Rules of Civil Procedure, and which requires that the circumstances constituting fraud be stated with particularity. Fed.R.Civ.P. 9(b); Alfus, 745 F. Supp. at 1521; In re Thortec Securities Litigation, Fed. Sec. L. Rep. (CCH) 94,330 (N.D. Cal. Jan. 25, 1989) (allegations of conspiracy must be pleaded with particularity). To survive a motion to dismiss, plaintiff must allege with sufficient factual particularity that defendants reached some explicit or tacit understanding or agreement. Roberts, 670 F. Supp. at 1484 (proof of a conspiracy does not require a showing of an explicit agreement; a demonstration of a tacit agreement is enough); see also Halberstam v. Welch, 227 U.S. App. D.C. 167, 705 F.2d 472, 479 (D.C. Cir. 1983). It is not enough to show that defendants might have had a common goal unless there is a factually specific allegation that they directed themselves toward this wrongful goal by virtue of a mutual understanding or agreement. Roberts, 670 F. Supp. at 1484.
In our March 30, 1990 order, we dismissed plaintiff's allegations of conspiracy for failure to state a claim, and granted her leave to plead the existence of an agreement and specific facts concerning the agreement. Alfus, 745 F. Supp. at 1521. In the amended complaint, plaintiff purports to have corrected this deficiency. She alleges that the individual defendants were Pyramid insiders who were privy to proprietary business information, and that they operated as a collective entity in receiving information about the company, and conducting Pyramid business through formal resolutions. Amended Complaint paras. 59-60. The individual defendants also allegedly acted collectively to approve and issue periodic reports to the SEC and to Pyramid shareholders, even though the defendants were aware of the allegedly false and misleading nature of these statements. Id. PP 60-61.
These allegations, however, are insufficient to allege a tacit understanding or agreement. "There is no authority for inferring conspiratorial conduct from the fact of corporate position or responsibility." In Re Thortec Securities Litigation, Fed. Sec. L. Rep. (CCH) P 94,330 at 92,160 (N.D. Cal. Jan. 25, 1989). Claims that each defendant performed a wrongful act cannot, by itself, create an inference of a conspiratorial agreement. Roberts, 670 F. Supp. at 1485. For these reasons, we must find that plaintiff has failed to amend her complaint to plead with the requisite heightened particularity that the individual defendants acted with explicit or tacit agreement to commit an act in furtherance of an agreement to commit violations of our securities laws. Accordingly, plaintiff's claims of conspiracy are dismissed with prejudice.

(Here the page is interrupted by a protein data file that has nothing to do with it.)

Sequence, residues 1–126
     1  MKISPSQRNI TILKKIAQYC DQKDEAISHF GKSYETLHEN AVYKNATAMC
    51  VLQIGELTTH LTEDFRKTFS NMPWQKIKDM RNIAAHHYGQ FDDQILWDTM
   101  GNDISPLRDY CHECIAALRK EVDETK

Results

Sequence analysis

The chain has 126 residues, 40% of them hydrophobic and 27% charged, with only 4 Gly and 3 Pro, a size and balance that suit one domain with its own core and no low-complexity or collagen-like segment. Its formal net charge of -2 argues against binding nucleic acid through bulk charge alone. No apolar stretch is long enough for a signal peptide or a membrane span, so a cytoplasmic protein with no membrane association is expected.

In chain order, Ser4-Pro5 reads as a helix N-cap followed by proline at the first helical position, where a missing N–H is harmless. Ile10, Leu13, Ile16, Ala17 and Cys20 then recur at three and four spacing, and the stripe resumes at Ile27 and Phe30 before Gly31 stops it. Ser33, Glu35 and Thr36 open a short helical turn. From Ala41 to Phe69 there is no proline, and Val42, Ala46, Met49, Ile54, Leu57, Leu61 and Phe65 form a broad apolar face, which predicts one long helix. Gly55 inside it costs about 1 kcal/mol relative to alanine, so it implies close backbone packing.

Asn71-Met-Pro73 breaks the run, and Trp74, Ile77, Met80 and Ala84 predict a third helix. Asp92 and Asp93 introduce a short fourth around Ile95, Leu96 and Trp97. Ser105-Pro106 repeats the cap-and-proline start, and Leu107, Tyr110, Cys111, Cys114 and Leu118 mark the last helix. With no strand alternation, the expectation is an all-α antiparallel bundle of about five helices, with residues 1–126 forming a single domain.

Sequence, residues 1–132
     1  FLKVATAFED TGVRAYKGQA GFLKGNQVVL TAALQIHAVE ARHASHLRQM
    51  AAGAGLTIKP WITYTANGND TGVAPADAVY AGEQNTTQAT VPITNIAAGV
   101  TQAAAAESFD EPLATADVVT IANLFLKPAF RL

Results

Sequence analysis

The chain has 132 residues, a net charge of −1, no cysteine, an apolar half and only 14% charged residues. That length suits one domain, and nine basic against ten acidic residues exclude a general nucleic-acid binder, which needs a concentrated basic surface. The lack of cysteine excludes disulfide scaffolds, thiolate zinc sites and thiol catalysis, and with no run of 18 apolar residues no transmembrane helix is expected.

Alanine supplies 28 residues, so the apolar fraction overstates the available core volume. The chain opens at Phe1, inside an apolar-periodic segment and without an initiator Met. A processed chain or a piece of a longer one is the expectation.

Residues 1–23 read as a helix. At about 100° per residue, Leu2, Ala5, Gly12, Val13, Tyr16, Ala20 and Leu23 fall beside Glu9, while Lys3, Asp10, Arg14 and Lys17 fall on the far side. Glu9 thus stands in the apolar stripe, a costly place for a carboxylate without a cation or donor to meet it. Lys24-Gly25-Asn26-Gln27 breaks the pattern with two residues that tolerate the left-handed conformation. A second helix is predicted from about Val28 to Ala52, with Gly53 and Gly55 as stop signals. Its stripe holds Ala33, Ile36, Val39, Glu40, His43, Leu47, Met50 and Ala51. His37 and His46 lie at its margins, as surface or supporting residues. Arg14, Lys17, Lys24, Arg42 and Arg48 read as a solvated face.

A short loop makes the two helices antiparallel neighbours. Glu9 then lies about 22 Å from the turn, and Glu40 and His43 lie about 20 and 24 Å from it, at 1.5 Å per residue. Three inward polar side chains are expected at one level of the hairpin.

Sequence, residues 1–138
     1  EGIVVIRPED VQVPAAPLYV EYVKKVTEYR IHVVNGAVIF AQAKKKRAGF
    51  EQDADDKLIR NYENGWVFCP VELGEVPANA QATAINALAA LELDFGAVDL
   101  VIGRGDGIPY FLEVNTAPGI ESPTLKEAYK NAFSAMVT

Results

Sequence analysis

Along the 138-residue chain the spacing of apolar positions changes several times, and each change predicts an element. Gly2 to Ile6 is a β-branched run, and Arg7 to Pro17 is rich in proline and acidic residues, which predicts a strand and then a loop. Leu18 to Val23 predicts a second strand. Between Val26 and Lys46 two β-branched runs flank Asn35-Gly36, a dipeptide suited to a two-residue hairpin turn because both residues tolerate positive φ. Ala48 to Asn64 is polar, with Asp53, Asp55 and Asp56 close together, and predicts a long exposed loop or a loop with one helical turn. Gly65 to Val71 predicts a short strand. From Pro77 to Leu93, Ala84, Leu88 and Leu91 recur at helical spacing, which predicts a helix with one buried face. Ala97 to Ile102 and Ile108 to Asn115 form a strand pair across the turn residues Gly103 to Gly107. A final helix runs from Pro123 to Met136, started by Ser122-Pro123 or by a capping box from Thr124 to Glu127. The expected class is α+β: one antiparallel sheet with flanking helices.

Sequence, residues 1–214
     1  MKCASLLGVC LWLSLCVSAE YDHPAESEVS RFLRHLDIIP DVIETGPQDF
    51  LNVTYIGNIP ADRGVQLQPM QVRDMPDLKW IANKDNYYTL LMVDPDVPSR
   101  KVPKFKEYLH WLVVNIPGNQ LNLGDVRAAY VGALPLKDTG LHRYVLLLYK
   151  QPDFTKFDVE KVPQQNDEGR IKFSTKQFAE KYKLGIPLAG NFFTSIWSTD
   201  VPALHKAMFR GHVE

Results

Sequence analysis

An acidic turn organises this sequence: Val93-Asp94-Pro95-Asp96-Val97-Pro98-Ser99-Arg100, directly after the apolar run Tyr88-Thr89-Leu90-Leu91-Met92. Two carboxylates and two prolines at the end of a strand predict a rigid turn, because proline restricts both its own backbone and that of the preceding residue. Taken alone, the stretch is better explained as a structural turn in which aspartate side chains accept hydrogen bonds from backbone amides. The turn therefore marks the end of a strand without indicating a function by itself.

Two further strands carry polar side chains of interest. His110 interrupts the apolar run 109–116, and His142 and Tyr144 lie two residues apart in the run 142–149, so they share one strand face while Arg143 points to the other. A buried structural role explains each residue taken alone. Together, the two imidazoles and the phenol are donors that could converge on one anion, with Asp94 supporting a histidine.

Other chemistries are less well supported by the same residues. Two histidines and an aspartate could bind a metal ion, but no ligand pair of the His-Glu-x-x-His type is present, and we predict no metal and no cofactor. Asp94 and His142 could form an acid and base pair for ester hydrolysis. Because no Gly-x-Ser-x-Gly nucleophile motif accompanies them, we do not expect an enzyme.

F. Insider Trading Claims and the Foreign Corrupt Practices Act
In our previous order, we dismissed plaintiff's insider trading claims for lack of standing because plaintiff did not allege that she traded contemporaneously with any of the defendants. Alfus, 745 F. Supp. at 1521-23. Although plaintiff does not directly assert this claim in the Amended Complaint as a separate cause of action, defendants maintain that plaintiff implies the cause of action by requesting the relief of disgorgement of insider trading profits by individual defendants.
Plaintiff admits that no separate cause of action for insider trading is intended. Plaintiffs' Memorandum in Opposition to Motion to Dismiss, at 27. Accordingly, the prayer for disgorgement of insider trading profits is stricken from the Amended Complaint.
Likewise, plaintiff concedes that any reference to the Foreign Corrupt Practices Act is set forth for the purpose of establishing scienter, and is not a separate claim. Thus, we dismiss any claims of a violation of this Act for failure to state a claim.
G. Item 303 of Regulation S-K
In paragraph 56 of the Amended Complaint, plaintiff alleges that Pyramid's annual and quarterly reports were "materially misleading" because they violated Item 303 of Regulation S-K (17 C.F.R. § 229.303) in failing to disclose "the known adverse facts about Pyramid." Amended Complaint para. 56. Plaintiff apparently maintains that the company had a duty to disclose significant known trends or uncertainties under Rule 10b-5, pursuant to Item 303.
This court continues to find that defendants did not violate Rule 10b-5 by failing to comply with Item 303. The Securities and Exchange Commission stated in a May 1989 release interpreting Item 303 that the Item's standard of disclosure (i.e. reasonably likely to have material effect),
governs the circumstances in which Item 303 requires disclosure. The probability/magnitude test for materiality approved by the Supreme Court in Basic, Inc. v. Levinson, [485 U.S. 224,] 108 S. Ct. 978, [99 L. Ed. 2d 194] (1988), is inapposite to Item 303 disclosure.
SEC Release No. 33-6835, 6Fed. Sec. L. Rep. (CCH) P73,193, n.13 at 62,843 (May 18, 1989). Thus, demonstration of a violation of the disclosure requirements of Item 303 does not lead inevitably to the conclusion that such disclosure would be required under Rule 10b-5. Such a duty to disclose must be separately shown. Accordingly, plaintiff's claims of violations of Item 303 are dismissed.
For all of the reasons discussed above, defendants' motion to dismiss plaintiff's Amended Complaint is denied for the class period October 31, 1988 to March 23, 1989, except that:
(1) Plaintiff's claims of conspiracy are dismissed with prejudice against all defendants, including defendant Rollnick;
(2) Plaintiff's separate causes of action for insider trading and violations of the Foreign Corrupt Practices Act are dismissed; plaintiff's prayer for the disgorgement remedy is stricken from the complaint;
(3) Any allegations in the Amended Complaint of violations of Item 303 of Regulation S-K are dismissed.
IT IS SO ORDERED.